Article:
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‘Muni badnaam hui’ is never appropriate on a news channel

I hate watching news on TV, not just because the lead stories in Pakistan are too depressing, but also because their treatment is mainly frivolous. The argument that our electronic news media is young, is years old now. Even if we do buy that claim, sadly there is no sign of growing up. Despite having a body to regulate the workings of our media, the performance of our news channels has always been disappointing. The regulatory setup and channels are to be equally blamed for the low quality. However, a few simple changes here and there can, of course, help set a ...

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The good the bad and the ugly of Pakistani dramas

What makes a drama last a lifetime in our memories? Is it stories that reflect our own lives or the ones which allow us to step into a whole new world through a looking glass? The very best ones make us love the characters, argue their dilemmas and root for their success- no matter how far removed they are from our own experience. 2012, has been a good year and we have seen some of the best productions of recent times. My insincere apologies if I missed out on some of the staggering work of a creative genius but I ...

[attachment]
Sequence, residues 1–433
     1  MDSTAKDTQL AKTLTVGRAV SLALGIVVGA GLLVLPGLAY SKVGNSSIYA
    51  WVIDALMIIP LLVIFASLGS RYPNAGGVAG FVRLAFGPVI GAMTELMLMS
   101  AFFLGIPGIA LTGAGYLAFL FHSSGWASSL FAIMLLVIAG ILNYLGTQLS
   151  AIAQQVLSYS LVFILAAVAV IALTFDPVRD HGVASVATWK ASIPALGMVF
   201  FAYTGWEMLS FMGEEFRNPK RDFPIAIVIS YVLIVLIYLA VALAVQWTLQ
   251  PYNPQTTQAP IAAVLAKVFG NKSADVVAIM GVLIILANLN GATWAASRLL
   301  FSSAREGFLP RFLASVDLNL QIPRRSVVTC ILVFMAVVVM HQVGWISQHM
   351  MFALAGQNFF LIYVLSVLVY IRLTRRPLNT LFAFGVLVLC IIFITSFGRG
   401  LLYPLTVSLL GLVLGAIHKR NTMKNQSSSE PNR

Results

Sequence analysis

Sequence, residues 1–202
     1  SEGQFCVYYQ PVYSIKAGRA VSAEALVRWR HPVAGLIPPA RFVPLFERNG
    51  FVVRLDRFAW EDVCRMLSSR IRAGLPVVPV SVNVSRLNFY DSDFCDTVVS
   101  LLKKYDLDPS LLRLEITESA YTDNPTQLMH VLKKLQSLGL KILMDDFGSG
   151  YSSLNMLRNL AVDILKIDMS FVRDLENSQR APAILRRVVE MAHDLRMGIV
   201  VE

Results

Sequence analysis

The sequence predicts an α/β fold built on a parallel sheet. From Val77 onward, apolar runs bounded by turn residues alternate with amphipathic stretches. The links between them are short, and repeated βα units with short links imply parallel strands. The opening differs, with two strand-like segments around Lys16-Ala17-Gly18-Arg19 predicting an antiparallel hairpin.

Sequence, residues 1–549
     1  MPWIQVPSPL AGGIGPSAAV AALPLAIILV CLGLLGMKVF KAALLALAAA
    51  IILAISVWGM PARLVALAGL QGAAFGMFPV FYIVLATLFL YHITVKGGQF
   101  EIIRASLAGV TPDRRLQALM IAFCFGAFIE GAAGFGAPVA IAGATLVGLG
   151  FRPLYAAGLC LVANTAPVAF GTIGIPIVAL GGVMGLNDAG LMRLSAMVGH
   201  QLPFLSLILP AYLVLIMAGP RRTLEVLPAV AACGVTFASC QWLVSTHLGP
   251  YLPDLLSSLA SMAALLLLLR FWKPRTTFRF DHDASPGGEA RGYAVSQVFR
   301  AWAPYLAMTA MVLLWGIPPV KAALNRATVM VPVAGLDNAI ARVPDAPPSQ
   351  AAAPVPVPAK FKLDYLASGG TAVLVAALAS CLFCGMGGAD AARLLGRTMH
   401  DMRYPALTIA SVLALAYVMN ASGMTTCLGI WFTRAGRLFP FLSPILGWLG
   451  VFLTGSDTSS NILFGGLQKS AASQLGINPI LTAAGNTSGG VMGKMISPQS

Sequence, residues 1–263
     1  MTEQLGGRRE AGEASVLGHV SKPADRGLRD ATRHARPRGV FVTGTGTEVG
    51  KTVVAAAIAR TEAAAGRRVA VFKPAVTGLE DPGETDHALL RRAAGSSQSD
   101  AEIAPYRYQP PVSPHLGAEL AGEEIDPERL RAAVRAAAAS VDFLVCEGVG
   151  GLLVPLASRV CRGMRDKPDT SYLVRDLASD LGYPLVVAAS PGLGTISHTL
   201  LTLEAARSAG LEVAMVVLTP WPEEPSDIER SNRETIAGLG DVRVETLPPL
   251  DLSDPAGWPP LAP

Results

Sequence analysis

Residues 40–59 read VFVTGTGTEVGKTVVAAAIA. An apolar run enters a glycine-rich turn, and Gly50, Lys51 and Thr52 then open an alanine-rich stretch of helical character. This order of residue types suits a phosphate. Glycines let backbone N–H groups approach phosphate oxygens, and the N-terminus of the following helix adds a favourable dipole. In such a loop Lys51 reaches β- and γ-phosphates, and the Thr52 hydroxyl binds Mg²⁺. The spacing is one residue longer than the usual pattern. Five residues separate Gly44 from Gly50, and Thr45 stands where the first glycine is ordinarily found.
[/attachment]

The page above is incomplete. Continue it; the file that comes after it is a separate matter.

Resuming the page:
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Pakistan inspires Hollywood, but for all the wrong reasons!

Spoiler alert: Contains Law & Order SVU spoilers from episode 299 ‘Acceptable Loss’. Also contains several cringe-worthy face-palm moments. TV’s new villain is a virginal seductress from Waziristan. Hollywood is making efforts to humanise militants and would-be terrorists from this part of the world. A recent Stanford-NYU study might have had something to do with this. Call me masochistic, but I love crime (as long as it’s within fiction). I grew up reading Agatha Christie and have had more than my share of Law & Order shows, whose story-lines are often inspired by actual news reports. SVU marathons sometimes make me sick to my stomach, but ...

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Is Aşk-ı Memnu, the next Humsafar?

Remember the time when Hum TV’s show Humsafar became the talk of the town? Be it the song or the characters, the show got thousands hooked onto television screens with its twisted romance, plots, and of course, the indelible Fawad-Mahira chemistry. As of late, however, there has been another TV show that has been gathering audiences in a similar manner. Surprisingly so, it’s not your everyday ‘saas-bahu’ Star Plus-type show, but from an altogether different culture and genre. It is none other than newbie Urdu1’s Aşk-ı Memnu or Ishq-e-Memnu (forbidden love). Set in the beautiful locales of Istanbul, ...

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Maya Khan and the barbaric arrogance of fundamentalism

It is apparently not enough anymore to discriminate against religious minorities in our laws or to attack their houses of worship or places of residence in random, unprovoked acts of violence. People like Maya Khan now want to use the few remaining religious minorities in the country for entertainment too. Many publications have rightly pointed out that the televised conversion of a Hindu man named Sunil to Islam was an act that was incredibly insensitive to religious minorities in a country where forced conversions and abductions are far too common. But I have a far deeper problem with just the ...